Amazon announced Thursday that it plans to create more than 100,000 new full-time jobs in the U.S. in the next 18 months, bringing its total workforce in the country to 280,000.
Don't expect Amazon to hire 100,000 coders, however. Much of its current and future workforce is made up of employees working warehouse jobs and answering phones.
"These jobs are not just in our Seattle headquarters or in Silicon Valley -- they're in our customer service network, fulfillment centers and other facilities in local communities throughout the country," Jeff Bezos, Amazon's founder and CEO, said in a statement.
Trump's transition team was quick to take some credit for the announcement.
"The announcement was made after the president-elect met with heads of several other tech companies and urge them to keep their jobs and production inside the United States," Sean Spicer, the incoming press secretary, said on a call with media outlets Thursday. "The president-elect was pleased to have played a role in that decision by Amazon."
It's likely Amazon would be adding tens of thousands of jobs regardless of who became president as the e-commerce company grows at a rapid pace and adds new fulfillment centers each year to expand its shipping coverage.
"The bottom line is they were going to create jobs anyway, but it's the messaging that has changed," says James Cakmak, an analyst with Monness, Crespi, Hardt. This announcement "appears to calibrate to current political sensitivities."
Amazon ranks 19th on a list of U.S.-based businesses by total global employees, according to data provided by S&P Global Market Intelligence. Walmart is the largest by far with more than two million employees around the world.
The jobs Amazon creates must also be weighed against the untold number of jobs it may eliminate through automation and helping drive brick-and-mortar retailers out of business. Just last month, Amazon was derided as a "job killer" by conservative media for unveiling a new grocery store without cashiers.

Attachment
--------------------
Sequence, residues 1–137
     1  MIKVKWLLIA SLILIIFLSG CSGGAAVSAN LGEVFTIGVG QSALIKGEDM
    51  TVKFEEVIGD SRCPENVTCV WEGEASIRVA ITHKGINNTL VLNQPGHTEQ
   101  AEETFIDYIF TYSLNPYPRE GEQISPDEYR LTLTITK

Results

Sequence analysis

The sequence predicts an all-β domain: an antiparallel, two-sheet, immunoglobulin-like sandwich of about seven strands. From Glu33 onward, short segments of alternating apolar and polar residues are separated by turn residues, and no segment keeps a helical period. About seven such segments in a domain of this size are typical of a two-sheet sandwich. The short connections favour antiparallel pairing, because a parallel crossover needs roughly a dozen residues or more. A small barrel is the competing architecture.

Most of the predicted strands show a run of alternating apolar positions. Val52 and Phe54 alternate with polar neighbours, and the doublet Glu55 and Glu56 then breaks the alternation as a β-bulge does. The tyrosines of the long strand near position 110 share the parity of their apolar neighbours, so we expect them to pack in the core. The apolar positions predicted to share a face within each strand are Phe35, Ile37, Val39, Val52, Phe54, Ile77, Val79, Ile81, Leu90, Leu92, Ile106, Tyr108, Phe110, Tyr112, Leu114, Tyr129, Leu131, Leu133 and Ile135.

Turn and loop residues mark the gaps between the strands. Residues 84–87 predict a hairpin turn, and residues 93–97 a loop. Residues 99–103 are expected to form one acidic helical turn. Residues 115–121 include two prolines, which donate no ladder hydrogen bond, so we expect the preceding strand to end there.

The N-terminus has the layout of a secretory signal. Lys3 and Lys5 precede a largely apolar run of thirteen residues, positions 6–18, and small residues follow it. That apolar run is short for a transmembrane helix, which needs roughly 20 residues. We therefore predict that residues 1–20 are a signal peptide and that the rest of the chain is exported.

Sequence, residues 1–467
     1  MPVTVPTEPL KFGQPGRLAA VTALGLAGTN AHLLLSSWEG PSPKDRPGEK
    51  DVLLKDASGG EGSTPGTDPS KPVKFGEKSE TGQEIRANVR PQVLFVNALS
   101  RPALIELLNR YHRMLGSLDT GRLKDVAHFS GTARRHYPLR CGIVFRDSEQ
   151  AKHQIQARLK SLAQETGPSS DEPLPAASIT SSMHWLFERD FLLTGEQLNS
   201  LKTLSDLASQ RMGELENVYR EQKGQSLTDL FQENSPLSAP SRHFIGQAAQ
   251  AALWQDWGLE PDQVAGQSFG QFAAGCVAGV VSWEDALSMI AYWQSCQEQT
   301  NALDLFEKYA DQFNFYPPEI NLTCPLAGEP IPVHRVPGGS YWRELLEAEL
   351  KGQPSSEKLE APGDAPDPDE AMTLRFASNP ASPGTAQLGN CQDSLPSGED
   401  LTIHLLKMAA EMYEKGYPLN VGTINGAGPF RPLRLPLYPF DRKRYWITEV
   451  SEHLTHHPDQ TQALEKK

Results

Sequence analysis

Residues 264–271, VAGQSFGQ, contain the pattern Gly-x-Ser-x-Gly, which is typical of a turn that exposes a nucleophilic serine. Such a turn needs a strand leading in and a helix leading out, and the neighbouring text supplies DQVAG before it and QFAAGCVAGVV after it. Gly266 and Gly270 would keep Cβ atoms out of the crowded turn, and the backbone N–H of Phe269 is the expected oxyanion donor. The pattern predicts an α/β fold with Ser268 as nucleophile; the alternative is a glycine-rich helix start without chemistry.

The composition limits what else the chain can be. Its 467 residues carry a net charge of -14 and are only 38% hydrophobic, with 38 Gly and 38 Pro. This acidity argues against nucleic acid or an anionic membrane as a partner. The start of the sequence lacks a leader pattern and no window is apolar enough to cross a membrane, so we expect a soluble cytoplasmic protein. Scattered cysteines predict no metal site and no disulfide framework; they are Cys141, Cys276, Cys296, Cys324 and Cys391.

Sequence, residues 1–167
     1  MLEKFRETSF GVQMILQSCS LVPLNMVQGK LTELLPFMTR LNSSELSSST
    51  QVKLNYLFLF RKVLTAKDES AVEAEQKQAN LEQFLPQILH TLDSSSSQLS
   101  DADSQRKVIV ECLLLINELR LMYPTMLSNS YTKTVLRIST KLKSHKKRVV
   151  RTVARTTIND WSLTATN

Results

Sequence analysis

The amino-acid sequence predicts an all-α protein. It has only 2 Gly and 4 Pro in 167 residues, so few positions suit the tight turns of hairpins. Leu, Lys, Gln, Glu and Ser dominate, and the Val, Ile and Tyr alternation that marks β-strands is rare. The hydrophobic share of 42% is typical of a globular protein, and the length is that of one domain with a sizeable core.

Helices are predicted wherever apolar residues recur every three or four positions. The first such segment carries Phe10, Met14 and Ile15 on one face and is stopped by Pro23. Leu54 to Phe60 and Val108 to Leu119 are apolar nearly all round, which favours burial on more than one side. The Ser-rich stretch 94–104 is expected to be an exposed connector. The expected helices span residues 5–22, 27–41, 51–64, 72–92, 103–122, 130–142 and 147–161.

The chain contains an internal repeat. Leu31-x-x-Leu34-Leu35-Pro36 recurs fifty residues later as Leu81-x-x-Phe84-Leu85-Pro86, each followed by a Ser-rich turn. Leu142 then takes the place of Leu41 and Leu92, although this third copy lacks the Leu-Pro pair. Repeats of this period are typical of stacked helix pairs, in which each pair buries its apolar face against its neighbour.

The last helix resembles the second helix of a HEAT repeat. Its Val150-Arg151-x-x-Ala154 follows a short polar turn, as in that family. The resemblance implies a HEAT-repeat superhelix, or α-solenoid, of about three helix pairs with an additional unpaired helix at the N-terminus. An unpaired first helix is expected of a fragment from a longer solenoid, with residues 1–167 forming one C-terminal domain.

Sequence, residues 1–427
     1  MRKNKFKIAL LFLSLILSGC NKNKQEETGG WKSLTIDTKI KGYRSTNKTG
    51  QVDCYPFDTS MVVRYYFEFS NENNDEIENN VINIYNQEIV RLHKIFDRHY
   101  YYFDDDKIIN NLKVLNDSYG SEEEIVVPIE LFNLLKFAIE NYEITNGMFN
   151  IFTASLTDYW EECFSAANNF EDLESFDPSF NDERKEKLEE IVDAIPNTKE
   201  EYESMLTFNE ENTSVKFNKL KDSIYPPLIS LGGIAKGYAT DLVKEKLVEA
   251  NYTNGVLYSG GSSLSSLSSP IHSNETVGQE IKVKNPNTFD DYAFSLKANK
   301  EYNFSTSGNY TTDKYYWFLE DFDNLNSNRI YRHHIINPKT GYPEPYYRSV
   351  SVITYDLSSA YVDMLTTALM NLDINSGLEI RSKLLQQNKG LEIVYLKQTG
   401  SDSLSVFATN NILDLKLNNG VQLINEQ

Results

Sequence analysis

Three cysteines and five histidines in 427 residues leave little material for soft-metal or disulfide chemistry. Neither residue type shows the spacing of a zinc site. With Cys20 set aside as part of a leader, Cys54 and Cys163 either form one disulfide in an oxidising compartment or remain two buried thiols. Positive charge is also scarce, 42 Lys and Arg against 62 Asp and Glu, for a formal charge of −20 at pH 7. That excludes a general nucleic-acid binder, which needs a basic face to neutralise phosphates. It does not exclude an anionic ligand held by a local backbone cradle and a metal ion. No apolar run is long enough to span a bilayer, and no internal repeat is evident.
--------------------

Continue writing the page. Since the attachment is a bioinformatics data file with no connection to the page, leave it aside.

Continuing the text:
Trump repeatedly took aim at Bezos on the campaign trail, at least in part because he owns the Washington Post.
"[The Post] is owned as a toy by Jeff Bezos who controls Amazon," Trump said in one interview. "Amazon is getting away with murder tax-wise. He's using the Washington Post for power so that the politicians in Washington don't tax Amazon like they should be taxed."
In another speech, Trump promised Amazon, "If I become president, oh do they have problems. They're going to have such problems."
Bezos, for his part, returned fire by accusing the candidate of "eroding our democracy" and joking about sending him into space with one of his Blue Origin rockets.
But now Trump is about to be president -- and Bezos probably does not want "such problems."
Bezos congratulated Trump shortly after winning the election. "I for one give him my most open mind and wish him great success in his service to the country," he tweeted.
Bezos was also one of about a dozen tech execs to meet with Trump in New York for a meeting arranged by billionaire investor Peter Thiel.
Amazon isn't the first tech company to tout its ambitious plans for hiring.
Jack Ma, Alibaba's co-founder and executive chairman, recently visited Trump to tease how the Chinese e-commerce platform could create one million American jobs. Japan's SoftBank's also pledged to invest $50 billion in the U.S.